Posted by RRC on March 29, 2008 at 16:16:
In Reply to: Slipped sideways posted by Paul on March 29, 2008 at 15:56:
: I am not sure I understand the following sentence from a book I'm reading: "In 1834, 40 per cent more tea was shipped to Britain than the year before, and of course the price slipped sideways."
: Does this phrase mean that prices fell, but because consumption increased, the overall cost of the tea was the same? Or does this mean that the price originally dropped (because there was 40% more), but then, say, by the end of the year, was back to its normal price?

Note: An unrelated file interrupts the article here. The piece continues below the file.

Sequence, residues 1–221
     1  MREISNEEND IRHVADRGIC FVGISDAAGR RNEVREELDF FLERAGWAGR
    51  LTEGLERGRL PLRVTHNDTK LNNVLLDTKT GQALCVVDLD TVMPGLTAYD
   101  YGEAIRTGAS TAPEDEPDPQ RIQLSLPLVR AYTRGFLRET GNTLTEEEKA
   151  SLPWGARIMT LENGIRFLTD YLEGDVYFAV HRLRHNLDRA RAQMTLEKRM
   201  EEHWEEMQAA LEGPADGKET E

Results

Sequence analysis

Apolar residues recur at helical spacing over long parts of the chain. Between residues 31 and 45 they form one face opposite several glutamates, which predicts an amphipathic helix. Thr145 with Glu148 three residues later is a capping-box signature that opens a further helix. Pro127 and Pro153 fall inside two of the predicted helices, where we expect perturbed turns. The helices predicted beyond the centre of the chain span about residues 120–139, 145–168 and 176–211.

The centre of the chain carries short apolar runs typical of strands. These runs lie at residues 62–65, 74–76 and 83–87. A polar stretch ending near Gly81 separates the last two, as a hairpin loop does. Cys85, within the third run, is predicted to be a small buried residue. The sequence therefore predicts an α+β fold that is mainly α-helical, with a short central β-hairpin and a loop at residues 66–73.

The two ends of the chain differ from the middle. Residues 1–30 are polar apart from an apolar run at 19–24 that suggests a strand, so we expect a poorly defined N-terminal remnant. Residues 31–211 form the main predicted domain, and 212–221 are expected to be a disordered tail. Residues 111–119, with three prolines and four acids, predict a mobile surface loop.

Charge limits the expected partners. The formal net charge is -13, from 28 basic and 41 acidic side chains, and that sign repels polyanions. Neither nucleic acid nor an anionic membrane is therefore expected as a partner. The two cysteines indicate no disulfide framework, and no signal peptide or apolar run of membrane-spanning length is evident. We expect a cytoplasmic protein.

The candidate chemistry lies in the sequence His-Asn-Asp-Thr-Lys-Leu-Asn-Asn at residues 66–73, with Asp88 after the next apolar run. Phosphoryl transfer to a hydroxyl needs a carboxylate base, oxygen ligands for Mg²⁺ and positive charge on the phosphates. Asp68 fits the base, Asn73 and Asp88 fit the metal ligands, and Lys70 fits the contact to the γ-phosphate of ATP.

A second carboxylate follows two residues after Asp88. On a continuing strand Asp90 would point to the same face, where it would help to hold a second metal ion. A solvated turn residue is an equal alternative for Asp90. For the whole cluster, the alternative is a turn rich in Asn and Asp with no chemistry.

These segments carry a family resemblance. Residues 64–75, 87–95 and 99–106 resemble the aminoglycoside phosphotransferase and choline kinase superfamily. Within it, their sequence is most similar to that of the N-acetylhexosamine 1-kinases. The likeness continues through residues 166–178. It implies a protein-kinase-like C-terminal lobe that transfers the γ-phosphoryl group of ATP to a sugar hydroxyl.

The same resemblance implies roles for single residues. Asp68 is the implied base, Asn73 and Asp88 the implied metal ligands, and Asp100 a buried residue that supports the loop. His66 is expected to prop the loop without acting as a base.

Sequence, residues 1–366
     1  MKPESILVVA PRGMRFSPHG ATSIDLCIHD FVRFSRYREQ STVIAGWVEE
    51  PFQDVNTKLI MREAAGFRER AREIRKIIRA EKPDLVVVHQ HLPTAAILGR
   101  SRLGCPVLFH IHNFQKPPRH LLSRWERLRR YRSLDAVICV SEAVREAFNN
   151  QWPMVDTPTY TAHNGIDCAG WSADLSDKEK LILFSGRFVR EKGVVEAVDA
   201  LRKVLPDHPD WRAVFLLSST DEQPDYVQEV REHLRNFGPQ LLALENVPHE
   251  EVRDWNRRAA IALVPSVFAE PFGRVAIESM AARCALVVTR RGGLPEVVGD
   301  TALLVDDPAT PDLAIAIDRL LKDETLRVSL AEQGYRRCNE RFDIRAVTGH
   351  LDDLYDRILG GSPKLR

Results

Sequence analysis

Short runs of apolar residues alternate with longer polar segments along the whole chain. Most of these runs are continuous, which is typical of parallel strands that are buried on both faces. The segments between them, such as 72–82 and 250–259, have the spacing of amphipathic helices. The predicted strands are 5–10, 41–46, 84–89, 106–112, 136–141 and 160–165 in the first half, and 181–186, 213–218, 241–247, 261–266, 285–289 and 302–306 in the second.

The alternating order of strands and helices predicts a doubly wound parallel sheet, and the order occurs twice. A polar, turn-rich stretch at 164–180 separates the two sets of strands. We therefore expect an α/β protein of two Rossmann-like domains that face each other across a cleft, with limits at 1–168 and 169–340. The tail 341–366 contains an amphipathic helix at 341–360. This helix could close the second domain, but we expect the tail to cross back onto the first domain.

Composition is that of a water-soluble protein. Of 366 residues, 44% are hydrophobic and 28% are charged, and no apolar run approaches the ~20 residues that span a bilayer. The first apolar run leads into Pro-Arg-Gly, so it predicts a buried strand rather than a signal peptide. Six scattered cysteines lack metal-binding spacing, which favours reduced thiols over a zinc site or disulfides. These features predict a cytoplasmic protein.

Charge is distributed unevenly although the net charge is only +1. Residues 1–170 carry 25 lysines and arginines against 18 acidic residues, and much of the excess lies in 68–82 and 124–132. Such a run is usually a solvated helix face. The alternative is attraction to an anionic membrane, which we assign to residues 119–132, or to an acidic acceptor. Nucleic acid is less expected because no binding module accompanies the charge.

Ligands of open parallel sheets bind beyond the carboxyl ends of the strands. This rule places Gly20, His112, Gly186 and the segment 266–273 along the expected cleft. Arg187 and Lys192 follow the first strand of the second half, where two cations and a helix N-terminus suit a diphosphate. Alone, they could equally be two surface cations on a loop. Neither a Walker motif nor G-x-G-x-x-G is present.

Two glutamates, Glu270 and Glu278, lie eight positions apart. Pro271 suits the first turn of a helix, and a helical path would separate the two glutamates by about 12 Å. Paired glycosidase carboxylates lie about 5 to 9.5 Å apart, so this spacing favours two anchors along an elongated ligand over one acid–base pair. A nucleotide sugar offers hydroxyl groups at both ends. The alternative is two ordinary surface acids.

: The book is about the Opium Wars so the rest of the paragraph really doesn't give me context on the price of tea--that was just thrown in.
In economics, a sideways move indicates that over time the price was relatively stable - the graph of price to time goes sideways. This may indicate that supply and demand are keeping theselves in balance.